“Just because we’ve had six albums out, and I think a lot of people might have been early fans who missed the later stuff, or later fans who missed the early stuff. This is just our way of connecting the dots, really, with a CD of bangers and a CD of ballads. What we’re moving on to next is a bit mad, so I kind of wanted to draw a line under this period.”

Last time we spoke was in 2014 for the Thirty Two album, signifying your age at the time (and one of his Dad’s lucky Lottery numbers apparently), so maybe this one should be Thirty Eight, and by virtue of mathematics alone twice as strong as Adele’s 2008 debut.

“Ha ha! Do you know what though, the only album I made that I really don’t like is Thirty Two. It was the last of me being kind of young, getting a bit older, trying to figure out how I fitted into what’s trendy on the radio. I’m almost second-guessing myself on that album. Ever since I’ve been doing what I want, and the next album involves artificial intelligence, partnering up with the University of Sheffield to do some crazy machine neural network stuff.

“Lots of people write less good versions of their first album forever, or until they stop doing it, but I feel more powerful than ever in lots of ways, with a better angle on who I am as an artist. I’ve been fortunate enough to spend quite a lot of time with Damon Albarn. I look at him and a few other people, and think you can get better as you get older if you don’t try to be 21, accepting where you are and what lane you’re in, pushing at the boundaries.

“I feel really positive and in lots of ways I’m completely divorced from the rest of the music industry. And I’m alright with that. I live in Sheffield, my fans are there, and I’m a bit old school, me, starting to put artistry before everything else, and it’s gone dead well. When I tried to fit into the music game, it went really badly. If I’ve got any advice to young ‘uns it’s just to do what you want, do what you think is good.”

I always felt you were old beyond your years in the influences you cite, many of  which are artists I admire, from Bob Marley to The Clash, Madness, The Specials …

“I’ve been very lucky. Mick Jones asked me to come and sing, and I’m just trying to learn from my heroes, and when I think about what my heroes would be doing now, they’d be doing stuff like the AI thing and they’d definitely be having a say about politics.

“Imagine in a few years, people will be saying, ‘You were living through one of the most tumultuous periods of British politics’. I’m not going to name names, but there will be so many whose music said nothing about it. Almost as if you lived in some strange vacuum. A lot of these artists are cowards. They‘re careerists. And anybody who’s silent in this day and age needs to ask themselves why. If you don’t know anything about it and don’t have an opinion, that’s fine. But if you’re silent because you fear what impact you’re going to have on your career, you’re just a coward in my mind … and you would be in the mind of Joe Strummer, I’m certain of it.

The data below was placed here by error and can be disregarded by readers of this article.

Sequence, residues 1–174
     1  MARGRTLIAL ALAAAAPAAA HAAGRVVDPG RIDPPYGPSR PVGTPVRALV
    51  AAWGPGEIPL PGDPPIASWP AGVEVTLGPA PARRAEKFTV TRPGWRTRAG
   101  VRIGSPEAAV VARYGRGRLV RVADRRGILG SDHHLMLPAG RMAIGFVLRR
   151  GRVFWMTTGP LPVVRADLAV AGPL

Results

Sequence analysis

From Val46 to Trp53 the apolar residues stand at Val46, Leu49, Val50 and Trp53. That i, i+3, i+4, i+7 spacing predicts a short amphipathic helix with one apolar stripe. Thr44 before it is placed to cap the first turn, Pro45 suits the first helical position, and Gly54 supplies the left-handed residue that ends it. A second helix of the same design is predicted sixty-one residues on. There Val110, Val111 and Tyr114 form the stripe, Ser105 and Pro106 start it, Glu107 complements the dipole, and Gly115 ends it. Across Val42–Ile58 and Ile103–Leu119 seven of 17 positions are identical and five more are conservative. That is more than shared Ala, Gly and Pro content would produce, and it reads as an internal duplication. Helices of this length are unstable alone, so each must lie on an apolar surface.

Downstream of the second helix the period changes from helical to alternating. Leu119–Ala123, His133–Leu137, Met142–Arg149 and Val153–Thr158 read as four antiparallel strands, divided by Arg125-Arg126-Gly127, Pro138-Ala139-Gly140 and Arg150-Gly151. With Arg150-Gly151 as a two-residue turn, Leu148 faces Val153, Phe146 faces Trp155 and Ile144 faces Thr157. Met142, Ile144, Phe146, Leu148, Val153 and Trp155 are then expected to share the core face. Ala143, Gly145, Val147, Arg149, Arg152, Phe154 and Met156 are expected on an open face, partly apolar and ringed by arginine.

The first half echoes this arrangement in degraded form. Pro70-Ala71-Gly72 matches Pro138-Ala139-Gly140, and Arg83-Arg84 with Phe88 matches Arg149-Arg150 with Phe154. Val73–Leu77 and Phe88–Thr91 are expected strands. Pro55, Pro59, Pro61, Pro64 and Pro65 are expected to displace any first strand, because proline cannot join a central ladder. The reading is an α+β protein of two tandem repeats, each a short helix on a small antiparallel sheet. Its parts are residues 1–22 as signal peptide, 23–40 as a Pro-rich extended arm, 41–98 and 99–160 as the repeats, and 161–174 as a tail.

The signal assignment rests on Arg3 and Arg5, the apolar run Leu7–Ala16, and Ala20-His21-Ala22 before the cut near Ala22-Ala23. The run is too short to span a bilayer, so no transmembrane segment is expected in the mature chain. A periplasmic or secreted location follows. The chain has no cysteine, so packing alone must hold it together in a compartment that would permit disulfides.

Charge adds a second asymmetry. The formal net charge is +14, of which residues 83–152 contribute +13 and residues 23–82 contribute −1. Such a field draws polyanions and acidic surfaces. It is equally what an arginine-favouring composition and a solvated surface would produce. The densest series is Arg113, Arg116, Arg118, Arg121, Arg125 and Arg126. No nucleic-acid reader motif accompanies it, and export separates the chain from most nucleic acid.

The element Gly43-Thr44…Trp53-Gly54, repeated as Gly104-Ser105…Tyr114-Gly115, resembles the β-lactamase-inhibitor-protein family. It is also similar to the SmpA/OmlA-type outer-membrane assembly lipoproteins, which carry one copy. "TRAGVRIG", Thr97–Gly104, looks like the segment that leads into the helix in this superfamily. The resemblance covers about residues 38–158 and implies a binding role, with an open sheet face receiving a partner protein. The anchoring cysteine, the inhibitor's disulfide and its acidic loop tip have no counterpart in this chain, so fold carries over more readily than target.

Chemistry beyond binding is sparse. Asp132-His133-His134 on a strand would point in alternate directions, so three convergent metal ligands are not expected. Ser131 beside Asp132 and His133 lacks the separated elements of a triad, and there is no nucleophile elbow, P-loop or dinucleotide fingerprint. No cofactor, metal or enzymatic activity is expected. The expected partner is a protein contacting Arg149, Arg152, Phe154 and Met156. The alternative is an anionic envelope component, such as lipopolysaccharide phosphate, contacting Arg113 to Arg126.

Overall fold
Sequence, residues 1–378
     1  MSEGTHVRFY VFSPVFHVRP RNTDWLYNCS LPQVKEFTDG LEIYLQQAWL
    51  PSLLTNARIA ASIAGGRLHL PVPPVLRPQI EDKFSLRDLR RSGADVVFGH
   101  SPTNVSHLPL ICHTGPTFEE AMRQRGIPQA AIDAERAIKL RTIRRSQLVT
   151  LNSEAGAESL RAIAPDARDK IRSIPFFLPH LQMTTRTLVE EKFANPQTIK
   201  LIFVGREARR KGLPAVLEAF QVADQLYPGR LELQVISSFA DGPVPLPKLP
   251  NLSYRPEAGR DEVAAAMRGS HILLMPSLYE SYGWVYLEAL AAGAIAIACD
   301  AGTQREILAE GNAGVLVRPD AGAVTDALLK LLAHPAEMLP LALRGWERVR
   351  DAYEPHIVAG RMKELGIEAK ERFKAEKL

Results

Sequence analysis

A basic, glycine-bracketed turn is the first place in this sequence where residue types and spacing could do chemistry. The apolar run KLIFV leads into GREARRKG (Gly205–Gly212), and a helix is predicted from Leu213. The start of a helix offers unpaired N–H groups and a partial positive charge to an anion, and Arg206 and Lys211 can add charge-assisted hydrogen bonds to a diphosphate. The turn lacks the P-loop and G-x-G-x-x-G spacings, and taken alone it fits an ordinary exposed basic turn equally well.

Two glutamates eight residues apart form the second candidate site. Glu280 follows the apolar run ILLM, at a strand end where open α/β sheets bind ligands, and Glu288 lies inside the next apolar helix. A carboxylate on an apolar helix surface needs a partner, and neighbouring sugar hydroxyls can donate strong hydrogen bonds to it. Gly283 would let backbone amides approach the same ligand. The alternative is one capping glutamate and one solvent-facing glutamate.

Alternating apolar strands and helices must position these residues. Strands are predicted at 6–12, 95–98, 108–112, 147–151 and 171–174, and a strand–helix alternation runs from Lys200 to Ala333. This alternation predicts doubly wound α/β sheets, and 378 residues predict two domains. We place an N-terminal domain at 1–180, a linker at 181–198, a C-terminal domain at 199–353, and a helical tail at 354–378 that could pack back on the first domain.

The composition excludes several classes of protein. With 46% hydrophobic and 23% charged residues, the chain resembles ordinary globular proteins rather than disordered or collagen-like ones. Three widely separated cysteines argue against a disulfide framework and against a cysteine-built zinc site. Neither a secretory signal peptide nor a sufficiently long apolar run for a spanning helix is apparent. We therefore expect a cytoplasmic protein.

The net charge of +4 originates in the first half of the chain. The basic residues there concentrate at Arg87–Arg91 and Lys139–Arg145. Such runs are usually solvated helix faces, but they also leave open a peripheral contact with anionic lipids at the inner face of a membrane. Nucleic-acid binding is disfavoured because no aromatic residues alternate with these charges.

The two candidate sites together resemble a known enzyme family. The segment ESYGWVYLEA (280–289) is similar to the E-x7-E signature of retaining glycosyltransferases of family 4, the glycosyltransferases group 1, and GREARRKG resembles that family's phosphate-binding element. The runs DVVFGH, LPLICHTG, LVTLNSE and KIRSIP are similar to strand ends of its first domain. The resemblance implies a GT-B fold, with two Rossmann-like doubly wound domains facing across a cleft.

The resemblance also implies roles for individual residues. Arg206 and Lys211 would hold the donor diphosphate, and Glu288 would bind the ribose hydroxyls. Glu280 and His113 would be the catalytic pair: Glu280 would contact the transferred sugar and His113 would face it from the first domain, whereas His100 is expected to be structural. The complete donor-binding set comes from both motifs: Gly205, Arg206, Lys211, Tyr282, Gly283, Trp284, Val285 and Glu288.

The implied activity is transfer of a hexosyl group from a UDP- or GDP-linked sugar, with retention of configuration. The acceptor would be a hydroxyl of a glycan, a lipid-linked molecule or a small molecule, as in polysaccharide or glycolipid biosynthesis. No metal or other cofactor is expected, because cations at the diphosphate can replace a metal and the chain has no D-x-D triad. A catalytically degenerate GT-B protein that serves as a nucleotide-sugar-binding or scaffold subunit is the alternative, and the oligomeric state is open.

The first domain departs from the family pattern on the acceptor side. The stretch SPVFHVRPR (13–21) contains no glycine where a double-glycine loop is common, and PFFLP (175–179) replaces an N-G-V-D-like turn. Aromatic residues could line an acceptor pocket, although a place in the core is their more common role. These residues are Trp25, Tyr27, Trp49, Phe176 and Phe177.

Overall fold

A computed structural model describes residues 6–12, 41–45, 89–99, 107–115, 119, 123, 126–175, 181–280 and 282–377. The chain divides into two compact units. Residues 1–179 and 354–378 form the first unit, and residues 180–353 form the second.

“I think people are scared to push the ball forward, whether that’s in a political way or in an art-experimental way. And let’s be honest, the music industry is a strange place.”

Bearing that in mind, the locations you’ve chosen for LP launch dates (in-store record store shows at Sheffield Bear Tree on Friday, September 20th, Huddersfield Vinyl Tap on Saturday, September 22nd, and Chesterfield Tallbird Records on Monday, September 23rd, before heading over to Lancashire) are in the sort of towns and cities Boris Johnson is visiting right now in his ill-advised bid to gain hearts and minds and push on with his masterplan, telling us austerity’s on its way out, he’s spending gazillions of money on us, and it’s all going rather swimmingly, old chap.

“He’s actually near Sheffield as we speak, in a satellite town, Stocksbridge, more or less founded on the steel industry, where the best thing to happen to it in my lifetime was this shopping centre, which was funded by £40m of EU money. So what are you going to do? Remain silent and become some massive rock star, or stick your next on the line, stand for something and be a midtable rock star? Give me midtable, any day!”

Conversation followed about my daughter studying at the University of Sheffield, the history department where Jon studied for his degree. I also reminded him that last time around he told me he was a third of the way through writing a historical fiction novel.

“I’ve been trying to do that for some time. Sometimes it can take me as long as it takes to play a song as write one, in my back garden maybe, and it’ll come out like ‘bang’. But I look at other disciplines and at authors sometimes and see an absolute genius – the amount of investment of brain power, time and energy is incomparable to music. What we do is instantaneous. I’m still trying to get there with my novel.”